States and Counties Pioneer Model of Human Services Innovation Using Data, Evidence and Iteration

Our very first design workshop with the Ramsey County team.

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From Linn County, Oregon, to Philadelphia, Pennsylvania, a growing number of local governments across the country are turning to data and evidence to improve programs serving residents in poverty. In doing so, they’re rewriting the playbook on how research directly informs policy and practice by developing a model in which the scientific literature informs changes that are then tested and refined in the field; the improvement process is dynamic and continuous, and residents ultimately benefit by receiving better services. We know because we’re witnessing it firsthand.

Mathematica is working with human services and workforce agencies in Colorado, Massachusetts, Michigan, Ohio, Vermont and Pennsylvania, among others, to introduce a change management framework called LI2. The name refers to a three-stage process called Learn, Innovate, Improve. (Yes, we know, leave it to an organization named Mathematica to use exponents in our branded nicknames.) In the Learn stage of LI2, agency staff examine the problem and assess the program’s readiness for change. In the Innovate stage, we partner with agency staff to design promising interventions, drawing upon the best available science, existing evidence and practice wisdom. And in the Improve stage, we work with the agencies to use small-scale analytic piloting and other research methods to test the evidence-informed idea.

LI2 is deliberately designed to be collaborative, actively engaging staff who run the programs in all aspects of the process, from idea to impact. It starts with small improvements. In public policy, it’s tempting to dream big. But with LI2, we focus on the adjacent possible. In other words, in the context of where you’re at, what’s just beyond your current reality? What can you do? What’s feasible? We’re looking for realistic changes that can be achieved in the near term. Everyone in this field would like to end poverty, but how do we get from here to there? We know from experience that the journey to better outcomes involves taking many concrete steps to improve program quality, efficiency and effectiveness.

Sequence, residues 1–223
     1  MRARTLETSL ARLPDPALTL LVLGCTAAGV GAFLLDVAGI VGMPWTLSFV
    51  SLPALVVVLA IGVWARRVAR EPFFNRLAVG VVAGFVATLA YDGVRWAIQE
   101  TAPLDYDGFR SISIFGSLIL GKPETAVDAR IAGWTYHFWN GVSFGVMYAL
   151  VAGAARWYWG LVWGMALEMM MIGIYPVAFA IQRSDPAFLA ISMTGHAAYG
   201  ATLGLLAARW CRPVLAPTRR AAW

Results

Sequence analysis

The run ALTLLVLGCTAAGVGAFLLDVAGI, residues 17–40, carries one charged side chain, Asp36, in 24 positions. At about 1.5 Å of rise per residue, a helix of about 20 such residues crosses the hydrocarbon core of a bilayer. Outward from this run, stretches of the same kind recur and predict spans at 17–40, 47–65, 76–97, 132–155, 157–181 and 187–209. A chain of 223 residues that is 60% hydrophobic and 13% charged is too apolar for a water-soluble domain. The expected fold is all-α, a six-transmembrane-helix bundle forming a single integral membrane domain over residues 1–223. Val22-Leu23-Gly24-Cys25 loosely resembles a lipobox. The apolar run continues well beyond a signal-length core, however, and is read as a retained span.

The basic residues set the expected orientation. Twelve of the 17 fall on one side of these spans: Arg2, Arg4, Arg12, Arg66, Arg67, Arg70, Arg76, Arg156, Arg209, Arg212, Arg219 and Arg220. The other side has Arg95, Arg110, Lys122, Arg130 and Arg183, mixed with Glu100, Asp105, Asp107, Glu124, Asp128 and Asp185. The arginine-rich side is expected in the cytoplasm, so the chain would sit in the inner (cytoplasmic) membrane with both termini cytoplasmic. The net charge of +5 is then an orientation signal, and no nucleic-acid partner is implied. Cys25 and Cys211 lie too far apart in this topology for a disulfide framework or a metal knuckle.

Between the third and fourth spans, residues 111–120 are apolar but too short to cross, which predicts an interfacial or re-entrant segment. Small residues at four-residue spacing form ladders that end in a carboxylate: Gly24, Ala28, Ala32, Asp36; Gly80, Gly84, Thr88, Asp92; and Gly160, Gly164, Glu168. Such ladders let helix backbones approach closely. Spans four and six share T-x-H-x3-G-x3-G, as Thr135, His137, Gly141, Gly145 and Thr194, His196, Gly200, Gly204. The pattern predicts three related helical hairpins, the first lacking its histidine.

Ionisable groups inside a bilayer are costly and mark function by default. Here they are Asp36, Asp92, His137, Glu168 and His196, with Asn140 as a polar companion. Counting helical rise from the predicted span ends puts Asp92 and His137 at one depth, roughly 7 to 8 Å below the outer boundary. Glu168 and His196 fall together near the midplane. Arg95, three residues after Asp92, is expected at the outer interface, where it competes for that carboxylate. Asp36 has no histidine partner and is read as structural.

In Ramsey County, Minnesota, for example, Mathematica has partnered with the county’s Workforce Solutions department and used LI2 to co-develop a science-informed coaching model for delivering employment services, known as the Lifelong Learning Initiative (LLI). Ramsey County was one of the first communities to take the science of executive functioning and goal achievement and seek to integrate it into a service delivery model in a public agency for serving families with low-income. During the Learn phase (2015–2016), we worked with staff at all levels of the department to pinpoint the specific motivations for changing service delivery and carefully examined the program environment to understand how best to integrate the new model into existing structures and culture. During the Innovate phase (2016), we leveraged the experience of nationally recognized experts to design and iteratively refine prototypes of an executive function-informed coaching model. Between 2016 and 2018, we carried out the Improve phase by road testing a variety of different tactics and tools, all anchored in the best available evidence, in service of smooth and well-integrated implementation.

Having learned from recent efforts in the Improve phase, Ramsey County continues through the LI2 cycle, with a focus on replicating and scaling the LLI across other teams and programs in the department. Most of the evidence generated to date through this partnership has been formative—that is, Ramsey County has used these insights in real time to adapt the implementation, refinement and scaling of the LLI. But we won’t be stopping there. LI2 explicitly focuses on building the capacity of local staff to be better users and producers of high-quality research. Ramsey County’s internal evaluator, in partnership with Mathematica, will use research methods over the next few years to answer questions about how and whether the LLI is having its desired impact and whether racial disparities in outcomes are improving. These evidence-building efforts will continue to shape continuous quality improvement for the department.

Since beginning the LI2 work, we’ve been inspired by the ingenuity and determination of our partners in county government and have seen how LI2 can lead to a newfound capacity for improving outcomes for children and families. As more agencies adopt an inquisitive and experimental mindset to improve their work, our hope is that LI2 offers a refreshingly accessible approach to more analytically and systematically pursuing change.

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